Eva Cassidy: Wayfaring Stranger


Wayfaring Stranger


Eva Cassidy (vocals)


Songbird (Blix Street Records 10045)

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Eva Cassidy (vocals),

Keith Grimes (electric guitar), Chris Biondo (bass, acoustic guitar), William “JuJu” House (drums), Lenny Williams (organ)


Traditional, arranged by Eva Cassidy


Recorded: No info given (released in 1998)


Rating: 98/100 (learn more)

Eva Cassidy is best remembered for her introspective ballad performances—modern-day classics such as "Over the Rainbow," "Autumn Leaves" and "Fields of Gold"—but check out this track if you want to gauge the full vocal power of this prepossessing singer. Cassidy transforms a nostalgia-laden traditional song into a soulful groove number, and does it with such commanding presence that one could envision her pursuing a career as a major R&B diva.

There is much to admire here: Cassidy's bending and stretching of the notes is exemplary, almost a textbook example of American popular vocal phrasing, but there is a larger holistic aspect here that you could easily miss. Cassidy gradually builds this performance, knowing when to hold back and when to go into overdrive. Compare Cassidy's first two choruses, and see how she deepens the emotional contours the second time through. Then, after the guitar solo, she moves up another notch for a harrowing half chorus before shifting back into a whispery tone. But this is just a setup for a heart-wrenching conclusion, in which Cassidy pulls out all the stops, with words that tragically foreshadow her abbreviated future: "I'm going back to see my savior; oh, I'm going back, no more to roam."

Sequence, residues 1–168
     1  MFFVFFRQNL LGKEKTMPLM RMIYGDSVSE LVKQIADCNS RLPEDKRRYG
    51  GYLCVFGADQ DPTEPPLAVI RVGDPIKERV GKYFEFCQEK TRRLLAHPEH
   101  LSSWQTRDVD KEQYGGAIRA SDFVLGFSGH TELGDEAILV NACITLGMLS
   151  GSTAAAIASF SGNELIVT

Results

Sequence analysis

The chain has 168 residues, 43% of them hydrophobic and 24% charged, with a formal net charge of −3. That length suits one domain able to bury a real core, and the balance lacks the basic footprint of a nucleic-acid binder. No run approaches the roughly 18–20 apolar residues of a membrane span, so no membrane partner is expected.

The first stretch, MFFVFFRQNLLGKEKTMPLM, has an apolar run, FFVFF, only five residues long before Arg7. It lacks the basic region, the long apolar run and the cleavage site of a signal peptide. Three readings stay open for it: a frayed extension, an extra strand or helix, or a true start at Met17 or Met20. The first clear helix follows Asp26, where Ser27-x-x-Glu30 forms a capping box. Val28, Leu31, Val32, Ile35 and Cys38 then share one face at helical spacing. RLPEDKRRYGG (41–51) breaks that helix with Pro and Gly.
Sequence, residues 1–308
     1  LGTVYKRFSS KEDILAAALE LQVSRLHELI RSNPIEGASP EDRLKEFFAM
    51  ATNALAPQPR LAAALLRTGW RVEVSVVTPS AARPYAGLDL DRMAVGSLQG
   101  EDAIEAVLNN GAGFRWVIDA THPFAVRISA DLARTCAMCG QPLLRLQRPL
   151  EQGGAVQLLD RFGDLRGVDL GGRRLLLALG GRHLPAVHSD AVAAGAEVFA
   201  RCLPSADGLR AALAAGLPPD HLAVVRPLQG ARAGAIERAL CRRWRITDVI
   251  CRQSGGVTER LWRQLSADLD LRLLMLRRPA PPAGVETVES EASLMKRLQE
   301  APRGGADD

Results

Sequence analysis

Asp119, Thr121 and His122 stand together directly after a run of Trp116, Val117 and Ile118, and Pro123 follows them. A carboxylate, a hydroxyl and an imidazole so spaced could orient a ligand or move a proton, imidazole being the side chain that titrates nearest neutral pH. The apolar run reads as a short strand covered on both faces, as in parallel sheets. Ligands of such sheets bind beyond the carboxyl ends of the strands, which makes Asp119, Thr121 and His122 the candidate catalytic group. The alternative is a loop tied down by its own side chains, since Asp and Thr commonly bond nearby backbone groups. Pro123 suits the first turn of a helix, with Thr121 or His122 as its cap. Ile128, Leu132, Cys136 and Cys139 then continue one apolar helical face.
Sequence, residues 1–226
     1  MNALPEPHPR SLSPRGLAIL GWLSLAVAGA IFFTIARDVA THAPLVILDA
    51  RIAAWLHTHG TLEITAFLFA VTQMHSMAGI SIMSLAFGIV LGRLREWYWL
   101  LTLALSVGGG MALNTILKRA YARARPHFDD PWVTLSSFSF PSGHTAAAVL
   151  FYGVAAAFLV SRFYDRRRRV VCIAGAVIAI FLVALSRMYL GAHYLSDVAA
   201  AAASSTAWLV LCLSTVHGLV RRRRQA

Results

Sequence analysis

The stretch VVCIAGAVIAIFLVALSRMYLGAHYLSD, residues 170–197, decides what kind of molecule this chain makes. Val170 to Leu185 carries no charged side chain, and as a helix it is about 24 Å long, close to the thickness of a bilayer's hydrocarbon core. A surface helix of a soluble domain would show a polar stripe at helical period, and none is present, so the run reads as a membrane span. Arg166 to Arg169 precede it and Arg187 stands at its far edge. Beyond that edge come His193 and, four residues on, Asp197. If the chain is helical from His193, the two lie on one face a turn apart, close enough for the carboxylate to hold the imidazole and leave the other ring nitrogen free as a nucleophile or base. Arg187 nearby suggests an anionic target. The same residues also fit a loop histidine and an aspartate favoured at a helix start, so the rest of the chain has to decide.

I have listened to this track countless times, and it still shakes me up every time I hear it. Yet this take was almost lost on the cutting room floor, and only the intervention of Eva's father Hugh brought this "rough mix" to light. Rough? I'll say.

Reviewer: Ted Gioia

If you liked this track, also check out

Eva Cassidy: Autumn Leaves
Eva Cassidy: Fields of Gold
Tierney Sutton: Cry Me a River


  • 1 Rich // Mar 24, 2009 at 03:52 AM
    You are right on, Ted. And there are many more tracks with this bittersweet tang to them. What a joy and sorrow to listen to this master!